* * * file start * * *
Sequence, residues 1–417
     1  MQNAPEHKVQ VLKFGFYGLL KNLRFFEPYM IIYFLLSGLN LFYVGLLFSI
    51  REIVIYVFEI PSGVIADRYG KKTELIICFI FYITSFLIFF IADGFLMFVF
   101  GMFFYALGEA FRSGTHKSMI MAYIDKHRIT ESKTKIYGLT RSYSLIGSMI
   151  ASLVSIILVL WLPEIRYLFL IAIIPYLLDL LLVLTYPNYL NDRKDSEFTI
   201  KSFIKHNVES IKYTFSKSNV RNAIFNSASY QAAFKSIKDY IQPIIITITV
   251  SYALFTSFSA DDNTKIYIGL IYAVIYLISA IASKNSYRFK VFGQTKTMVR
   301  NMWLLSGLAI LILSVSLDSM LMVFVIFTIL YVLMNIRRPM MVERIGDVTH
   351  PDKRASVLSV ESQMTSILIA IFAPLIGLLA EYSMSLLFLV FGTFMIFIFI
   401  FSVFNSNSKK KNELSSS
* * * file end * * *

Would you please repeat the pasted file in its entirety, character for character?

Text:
Sequence, residues 1–417
     1  MQNAPEHKVQ VLKFGFYGLL KNLRFFEPYM IIYFLLSGLN LFYVGLLFSI
    51  REIVIYVFEI PSGVIADRYG KKTELIICFI FYITSFLIFF IADGFLMFVF
   101  GMFFYALGEA FRSGTHKSMI MAYIDKHRIT ESKTKIYGLT RSYSLIGSMI
   151  ASLVSIILVL WLPEIRYLFL IAIIPYLLDL LLVLTYPNYL NDRKDSEFTI
   201  KSFIKHNVES IKYTFSKSNV RNAIFNSASY QAAFKSIKDY IQPIIITITV
   251  SYALFTSFSA DDNTKIYIGL IYAVIYLISA IASKNSYRFK VFGQTKTMVR
   301  NMWLLSGLAI LILSVSLDSM LMVFVIFTIL YVLMNIRRPM MVERIGDVTH
   351  PDKRASVLSV ESQMTSILIA IFAPLIGLLA EYSMSLLFLV FGTFMIFIFI
   401  FSVFNSNSKK KNELSSS